This seminar will examine the federal and state laws governing, and purporting to protect, animals used for experimentation, food, entertainment and sport. The seminar will consider the realities of life and death for such animals. It will examine whether the laws that seek to protect them accomplish their purposes through a review of relevant case law and other materials. The Seminar will address how the National Environmental Policy Act (NEPA) has been used to attempt to protect animals, the effects on the environment of industrial animal farms and the threats to First Amendment freedoms to protest animal mistreatment by examining cases, court submissions and investigative reports. The seminar will address the societal, legislative, and judicial mechanisms operating to maintain animals as property. The course will address and discuss standing, a potential problem facing those who seek to litigate on behalf of animals and to protect them. The seminar will discuss the concept of legal rights for animals and it will review proposals for a re-examination of their status as property under law. Students will write a paper examining in depth one of the ways in which animals are used and the relevant laws aimed at protecting them in that area, and developing a litigation strategy to remedy a particular problem facing companion animals, wildlife, animals used in experimentation or raised for food. Credit/no credit option is not available. The paper written for this seminar may be used to satisfy the Advanced Writing Requirement.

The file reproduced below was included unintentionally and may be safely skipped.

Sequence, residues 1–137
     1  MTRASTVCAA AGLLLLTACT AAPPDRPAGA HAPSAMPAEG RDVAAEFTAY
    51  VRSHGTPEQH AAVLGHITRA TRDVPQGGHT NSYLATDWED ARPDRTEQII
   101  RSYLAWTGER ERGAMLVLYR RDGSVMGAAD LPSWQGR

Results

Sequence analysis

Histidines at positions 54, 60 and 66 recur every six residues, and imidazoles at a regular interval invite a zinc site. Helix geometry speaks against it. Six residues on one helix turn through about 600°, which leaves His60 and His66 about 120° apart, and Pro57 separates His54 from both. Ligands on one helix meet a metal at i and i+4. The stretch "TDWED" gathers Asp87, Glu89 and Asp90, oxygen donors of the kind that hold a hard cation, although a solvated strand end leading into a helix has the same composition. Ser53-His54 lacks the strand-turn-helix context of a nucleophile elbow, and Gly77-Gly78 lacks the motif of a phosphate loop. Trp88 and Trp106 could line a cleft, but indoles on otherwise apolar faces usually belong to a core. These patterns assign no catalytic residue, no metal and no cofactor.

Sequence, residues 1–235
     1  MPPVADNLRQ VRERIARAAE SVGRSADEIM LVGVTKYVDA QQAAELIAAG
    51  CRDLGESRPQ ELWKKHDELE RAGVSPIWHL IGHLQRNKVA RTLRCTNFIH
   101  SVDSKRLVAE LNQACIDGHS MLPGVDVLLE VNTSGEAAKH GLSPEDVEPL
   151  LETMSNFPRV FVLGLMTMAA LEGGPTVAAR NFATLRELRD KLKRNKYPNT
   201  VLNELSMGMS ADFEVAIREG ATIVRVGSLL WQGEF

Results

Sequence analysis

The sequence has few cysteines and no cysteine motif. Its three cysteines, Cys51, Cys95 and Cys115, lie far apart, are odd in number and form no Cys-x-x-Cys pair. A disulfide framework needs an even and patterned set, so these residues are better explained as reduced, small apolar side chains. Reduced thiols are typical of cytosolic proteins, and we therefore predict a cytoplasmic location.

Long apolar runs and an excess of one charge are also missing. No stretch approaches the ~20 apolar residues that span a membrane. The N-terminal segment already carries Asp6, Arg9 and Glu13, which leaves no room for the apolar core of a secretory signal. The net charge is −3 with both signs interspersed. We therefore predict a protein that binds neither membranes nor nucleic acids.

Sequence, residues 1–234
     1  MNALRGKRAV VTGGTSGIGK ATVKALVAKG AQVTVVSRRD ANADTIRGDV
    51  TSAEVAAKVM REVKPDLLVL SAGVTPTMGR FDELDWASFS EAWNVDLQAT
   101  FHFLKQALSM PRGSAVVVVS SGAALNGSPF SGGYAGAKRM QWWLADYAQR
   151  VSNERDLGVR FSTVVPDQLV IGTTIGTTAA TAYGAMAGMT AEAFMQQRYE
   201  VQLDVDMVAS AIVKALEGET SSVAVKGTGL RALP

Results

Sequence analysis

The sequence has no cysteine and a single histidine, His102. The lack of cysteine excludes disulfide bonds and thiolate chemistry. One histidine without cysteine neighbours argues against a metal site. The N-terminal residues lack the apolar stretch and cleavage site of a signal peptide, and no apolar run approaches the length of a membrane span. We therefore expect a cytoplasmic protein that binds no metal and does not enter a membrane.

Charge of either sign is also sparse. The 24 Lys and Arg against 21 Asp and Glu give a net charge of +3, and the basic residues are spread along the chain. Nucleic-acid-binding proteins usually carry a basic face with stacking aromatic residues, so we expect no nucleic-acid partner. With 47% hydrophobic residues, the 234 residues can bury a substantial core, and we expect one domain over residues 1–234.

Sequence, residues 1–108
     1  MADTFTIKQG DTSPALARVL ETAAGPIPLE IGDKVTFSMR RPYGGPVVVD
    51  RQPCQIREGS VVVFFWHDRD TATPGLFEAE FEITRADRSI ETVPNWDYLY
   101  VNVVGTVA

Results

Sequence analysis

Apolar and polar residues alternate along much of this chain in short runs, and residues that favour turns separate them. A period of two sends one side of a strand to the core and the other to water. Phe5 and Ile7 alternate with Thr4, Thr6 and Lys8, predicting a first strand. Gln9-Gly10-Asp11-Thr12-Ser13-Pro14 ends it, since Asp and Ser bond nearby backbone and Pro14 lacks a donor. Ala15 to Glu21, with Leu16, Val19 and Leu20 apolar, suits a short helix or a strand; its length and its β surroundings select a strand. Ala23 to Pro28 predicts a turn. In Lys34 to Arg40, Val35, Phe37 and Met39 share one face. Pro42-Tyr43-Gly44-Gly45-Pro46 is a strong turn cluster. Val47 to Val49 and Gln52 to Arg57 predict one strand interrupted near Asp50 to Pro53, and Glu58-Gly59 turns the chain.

Current & Previous Instructors:
|This course is not currently scheduled.|
Last offered Fall 2014.